While some of these reasons can be harder to adjust or get past, I think it is still possible to instill the desire and better the ability to read in a student. You have to keep in mind that all children have different reading styles, too. Maybe you’re not catering to their needs in a way that works for them. Differentiate styles of teaching so that each child will be able to take something away from the lesson. Some children just simply aren’t interested in reading. Maybe the literature they’ve been exposed to hasn’t really captured their attention. Get to know the students and suggest books to them and make ones available to them that you think they may find interesting.
The first chapter of Gunning’s textbook is entitled “Introduction to Reading Difficulties, so one of the first things asked is what do you know about reading and writing difficulties? It really got me thinking: What do I know?
I thought back to my own experiences in grade school. I was never one to go see a reading specialist, or leave the class for any type of help or therapy, but I remember that wasn’t the case for some of the kids in my class. Having gone to a Lutheran grade school, I was around most of the same kids for nearly 9 or 10 years. In fourth grade, we had a group that left the room to go to reading, and a group that stayed in the classroom. I think the group that left the room was the more advanced, confident readers, while those that struggled stayed behind and did some work with the teacher, which is strange, because usually struggling children are taken out of the classroom. I also recall some teacher aides in third grade that would work with children who struggled with reading or other homework.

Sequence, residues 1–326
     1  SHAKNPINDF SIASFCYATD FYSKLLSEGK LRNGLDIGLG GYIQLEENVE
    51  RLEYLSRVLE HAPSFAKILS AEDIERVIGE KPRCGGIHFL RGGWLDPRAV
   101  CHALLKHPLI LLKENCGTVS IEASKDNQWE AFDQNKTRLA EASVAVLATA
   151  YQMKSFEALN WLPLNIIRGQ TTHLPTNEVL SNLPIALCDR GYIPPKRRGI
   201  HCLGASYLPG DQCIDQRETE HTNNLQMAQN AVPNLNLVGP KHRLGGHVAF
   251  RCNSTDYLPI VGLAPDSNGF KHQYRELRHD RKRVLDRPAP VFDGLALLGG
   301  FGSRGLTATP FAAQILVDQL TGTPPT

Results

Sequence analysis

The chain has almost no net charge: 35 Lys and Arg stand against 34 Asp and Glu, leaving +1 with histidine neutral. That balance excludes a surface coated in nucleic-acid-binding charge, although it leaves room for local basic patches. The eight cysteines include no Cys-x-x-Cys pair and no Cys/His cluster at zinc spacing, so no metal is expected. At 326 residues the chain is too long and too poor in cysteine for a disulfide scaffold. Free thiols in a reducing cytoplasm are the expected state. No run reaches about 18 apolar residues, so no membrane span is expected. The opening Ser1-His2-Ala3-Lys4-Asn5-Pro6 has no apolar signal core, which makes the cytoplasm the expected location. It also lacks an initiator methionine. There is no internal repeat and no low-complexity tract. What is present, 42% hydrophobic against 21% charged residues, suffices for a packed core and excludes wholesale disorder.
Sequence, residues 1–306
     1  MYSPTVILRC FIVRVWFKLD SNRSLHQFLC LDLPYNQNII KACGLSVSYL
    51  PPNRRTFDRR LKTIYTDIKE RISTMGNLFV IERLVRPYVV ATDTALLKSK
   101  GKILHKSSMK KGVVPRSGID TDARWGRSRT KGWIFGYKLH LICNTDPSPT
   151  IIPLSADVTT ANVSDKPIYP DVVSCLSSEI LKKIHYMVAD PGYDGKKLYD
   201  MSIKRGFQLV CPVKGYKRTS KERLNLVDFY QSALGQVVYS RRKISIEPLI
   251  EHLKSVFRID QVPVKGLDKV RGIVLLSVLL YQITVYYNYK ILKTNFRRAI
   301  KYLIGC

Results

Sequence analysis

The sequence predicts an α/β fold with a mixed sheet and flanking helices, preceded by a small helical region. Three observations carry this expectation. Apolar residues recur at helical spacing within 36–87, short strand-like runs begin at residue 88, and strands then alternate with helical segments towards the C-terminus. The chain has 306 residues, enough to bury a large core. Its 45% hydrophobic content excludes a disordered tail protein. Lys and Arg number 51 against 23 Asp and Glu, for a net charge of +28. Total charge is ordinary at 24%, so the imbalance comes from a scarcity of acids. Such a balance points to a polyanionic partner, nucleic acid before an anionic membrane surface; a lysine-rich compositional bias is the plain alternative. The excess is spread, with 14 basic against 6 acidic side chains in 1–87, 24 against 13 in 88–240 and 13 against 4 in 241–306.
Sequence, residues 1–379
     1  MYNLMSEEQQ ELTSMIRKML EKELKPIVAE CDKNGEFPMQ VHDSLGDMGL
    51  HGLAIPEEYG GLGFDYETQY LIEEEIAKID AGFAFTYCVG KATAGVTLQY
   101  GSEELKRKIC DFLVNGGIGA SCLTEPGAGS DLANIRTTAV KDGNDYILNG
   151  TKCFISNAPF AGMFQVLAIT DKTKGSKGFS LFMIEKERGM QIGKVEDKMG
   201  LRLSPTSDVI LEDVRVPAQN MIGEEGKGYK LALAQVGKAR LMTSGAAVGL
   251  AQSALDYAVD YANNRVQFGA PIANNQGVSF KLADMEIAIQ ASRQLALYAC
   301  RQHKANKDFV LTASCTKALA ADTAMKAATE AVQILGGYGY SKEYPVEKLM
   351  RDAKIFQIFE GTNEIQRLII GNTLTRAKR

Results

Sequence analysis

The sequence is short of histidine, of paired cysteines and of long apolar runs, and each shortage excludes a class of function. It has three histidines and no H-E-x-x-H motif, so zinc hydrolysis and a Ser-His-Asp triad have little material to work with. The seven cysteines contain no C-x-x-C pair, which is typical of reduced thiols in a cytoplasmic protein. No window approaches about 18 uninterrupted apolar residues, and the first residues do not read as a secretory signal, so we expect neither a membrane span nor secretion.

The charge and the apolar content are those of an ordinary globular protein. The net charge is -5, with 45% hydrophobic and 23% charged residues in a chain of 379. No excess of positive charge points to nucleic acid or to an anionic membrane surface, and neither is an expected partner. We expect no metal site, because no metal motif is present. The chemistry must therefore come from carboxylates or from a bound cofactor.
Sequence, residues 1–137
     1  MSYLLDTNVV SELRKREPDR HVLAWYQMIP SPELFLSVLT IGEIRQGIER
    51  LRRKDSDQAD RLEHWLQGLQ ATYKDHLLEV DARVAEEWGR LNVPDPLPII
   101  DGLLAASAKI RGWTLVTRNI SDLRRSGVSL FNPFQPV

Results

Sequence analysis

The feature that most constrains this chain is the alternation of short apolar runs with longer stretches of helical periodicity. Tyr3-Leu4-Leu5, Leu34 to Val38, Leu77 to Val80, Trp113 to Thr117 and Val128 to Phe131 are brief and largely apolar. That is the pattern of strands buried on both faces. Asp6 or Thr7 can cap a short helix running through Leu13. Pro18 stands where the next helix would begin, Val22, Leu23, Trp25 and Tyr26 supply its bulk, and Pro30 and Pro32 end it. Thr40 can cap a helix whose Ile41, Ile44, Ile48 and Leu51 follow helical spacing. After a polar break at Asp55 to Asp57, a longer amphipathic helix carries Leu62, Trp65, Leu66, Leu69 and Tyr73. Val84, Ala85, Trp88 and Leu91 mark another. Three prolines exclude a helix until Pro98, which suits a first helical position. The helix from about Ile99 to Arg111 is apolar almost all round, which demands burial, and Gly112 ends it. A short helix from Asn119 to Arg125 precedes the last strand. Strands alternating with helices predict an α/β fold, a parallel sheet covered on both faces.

This chapter also taught me that there’s definitely more for me to learn about reading and writing difficulties. How can I know how to help and address them if I don’t know what they are? I do know that it is important to do what’s best for the child. The example used in chapter one, Awilda, is a good way to show that. They tried many different solutions to help her, but the help they supplied failed to show improvements. You need to know what works best for them, so you must first know the child. This is important in every aspect of teaching.
There are also many different kind of reading disabilities. You cannot just group them all together and assume that one solution will solve all problems. A variety of different things can cause lack of ability or willingness to read in children. Different things including home life, the modeling of reading that they have been shown, lack of literature, or a developmental issue could influence this. This is another important reason to really explore and dive in before you try to make a change.